New system to investigate claims of civil rights violations is first of its kind

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KANSAS CITY, Mo. -- Law enforcement from local, state and federal agencies announced a new partnership to protect civil rights on Thursday. It is a new system that will be used to investigate claims of civil rights violations leveled at Kansas City police.

The system is called a memorandum of understanding, “MOU” for short. According to U.S. Attorney Tammy Dickinson, it is the first of its kind in the nation, and represents unprecedented cooperation between federal, state and local agencies.

Dickinson joined top brass from the FBI, Jackson County Prosecutor Jean Peters Baker and KCPD to make the announcement. The new procedure, which was put into effect September 23, is a result of high-profile current events that have shaken the public`s trust in the police.

Under this new mechanism, any civil rights violation that is reported against KCPD will immediately be sent to the FBI for investigation. If evidence of a federal violation is found, the case will be sent to the U.S. Attorney’s Office.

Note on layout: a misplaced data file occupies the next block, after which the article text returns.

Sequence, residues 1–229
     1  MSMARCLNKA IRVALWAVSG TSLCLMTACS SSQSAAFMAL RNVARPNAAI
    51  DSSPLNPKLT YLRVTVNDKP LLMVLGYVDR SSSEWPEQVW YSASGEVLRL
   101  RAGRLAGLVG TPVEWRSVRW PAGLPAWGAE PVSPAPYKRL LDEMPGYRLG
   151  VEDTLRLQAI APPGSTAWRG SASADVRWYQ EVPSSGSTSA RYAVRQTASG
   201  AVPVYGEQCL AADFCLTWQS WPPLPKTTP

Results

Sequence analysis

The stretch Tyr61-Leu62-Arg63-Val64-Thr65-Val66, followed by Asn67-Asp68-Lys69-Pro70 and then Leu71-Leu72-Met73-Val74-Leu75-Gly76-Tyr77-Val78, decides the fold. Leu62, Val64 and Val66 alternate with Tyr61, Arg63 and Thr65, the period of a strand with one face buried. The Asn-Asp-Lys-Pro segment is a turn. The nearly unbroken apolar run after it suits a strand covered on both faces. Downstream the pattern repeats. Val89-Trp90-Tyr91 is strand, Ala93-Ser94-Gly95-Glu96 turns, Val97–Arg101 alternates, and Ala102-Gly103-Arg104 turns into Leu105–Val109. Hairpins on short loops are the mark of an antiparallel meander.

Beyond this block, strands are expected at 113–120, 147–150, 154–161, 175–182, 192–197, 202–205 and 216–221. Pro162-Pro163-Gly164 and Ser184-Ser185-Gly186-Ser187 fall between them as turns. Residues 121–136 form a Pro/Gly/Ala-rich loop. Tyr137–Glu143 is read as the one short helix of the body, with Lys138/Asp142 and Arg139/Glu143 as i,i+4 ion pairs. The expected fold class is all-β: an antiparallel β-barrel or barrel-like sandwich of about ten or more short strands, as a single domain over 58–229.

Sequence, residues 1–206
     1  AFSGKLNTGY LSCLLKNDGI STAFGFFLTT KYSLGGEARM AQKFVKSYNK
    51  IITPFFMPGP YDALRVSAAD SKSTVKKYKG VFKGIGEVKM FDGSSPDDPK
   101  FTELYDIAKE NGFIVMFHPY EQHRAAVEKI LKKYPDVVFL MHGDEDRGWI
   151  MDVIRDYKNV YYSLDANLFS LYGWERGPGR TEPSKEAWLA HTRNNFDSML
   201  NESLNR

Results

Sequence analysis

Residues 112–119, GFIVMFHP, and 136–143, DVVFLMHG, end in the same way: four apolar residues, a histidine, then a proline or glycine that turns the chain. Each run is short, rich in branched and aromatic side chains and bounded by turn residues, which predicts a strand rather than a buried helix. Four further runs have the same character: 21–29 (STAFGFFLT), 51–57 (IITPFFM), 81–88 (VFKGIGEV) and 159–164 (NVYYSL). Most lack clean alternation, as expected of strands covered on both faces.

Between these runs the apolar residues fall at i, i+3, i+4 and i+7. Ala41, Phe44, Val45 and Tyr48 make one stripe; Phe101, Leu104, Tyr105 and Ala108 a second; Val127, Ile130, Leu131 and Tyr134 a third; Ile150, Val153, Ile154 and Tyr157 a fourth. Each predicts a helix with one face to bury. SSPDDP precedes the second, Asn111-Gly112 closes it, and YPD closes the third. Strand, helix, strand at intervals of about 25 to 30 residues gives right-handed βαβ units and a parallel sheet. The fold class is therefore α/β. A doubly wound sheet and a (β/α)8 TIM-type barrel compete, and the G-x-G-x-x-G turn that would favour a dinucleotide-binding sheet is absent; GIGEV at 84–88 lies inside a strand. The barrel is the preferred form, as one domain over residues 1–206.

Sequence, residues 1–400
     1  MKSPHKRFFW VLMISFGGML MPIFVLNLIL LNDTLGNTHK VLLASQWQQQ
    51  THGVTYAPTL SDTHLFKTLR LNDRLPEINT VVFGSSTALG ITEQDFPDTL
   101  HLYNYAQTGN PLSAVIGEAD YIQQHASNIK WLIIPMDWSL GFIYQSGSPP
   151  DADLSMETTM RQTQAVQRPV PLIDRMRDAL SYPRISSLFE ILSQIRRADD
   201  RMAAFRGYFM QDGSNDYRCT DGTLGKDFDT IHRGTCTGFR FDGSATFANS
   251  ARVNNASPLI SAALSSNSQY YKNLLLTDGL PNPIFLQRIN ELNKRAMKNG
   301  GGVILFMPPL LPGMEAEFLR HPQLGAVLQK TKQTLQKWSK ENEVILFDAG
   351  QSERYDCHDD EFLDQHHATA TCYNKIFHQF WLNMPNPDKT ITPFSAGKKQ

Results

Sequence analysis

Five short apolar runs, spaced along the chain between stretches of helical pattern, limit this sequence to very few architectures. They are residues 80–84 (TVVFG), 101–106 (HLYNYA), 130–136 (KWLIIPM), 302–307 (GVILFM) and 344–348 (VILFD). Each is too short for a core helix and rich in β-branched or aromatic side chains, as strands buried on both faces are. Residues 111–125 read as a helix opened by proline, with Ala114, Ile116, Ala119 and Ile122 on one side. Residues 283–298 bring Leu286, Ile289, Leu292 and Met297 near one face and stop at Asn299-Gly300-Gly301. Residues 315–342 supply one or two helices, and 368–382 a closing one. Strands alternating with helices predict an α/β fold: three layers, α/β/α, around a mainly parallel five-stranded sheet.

If investigators find evidence of a state law violation, the case will be handed over to the Jackson County Prosecutor`s Office.

Damon Daniel, executive director of AdHoc Group Against Crime, believes this is a step in the right direction.

“Often times when I am sitting down with an individual who is filing a complaint, one of the things they are most concerned about is who is really going to review this complaint; is it police reviewing these types of things? And this just creates another layer of trust, I think and accountability and transparency,” Daniel said.

Since the procedure was enacted, four cases have been investigated under the MOU. As to who or what was involved, no one would comment on active investigations.

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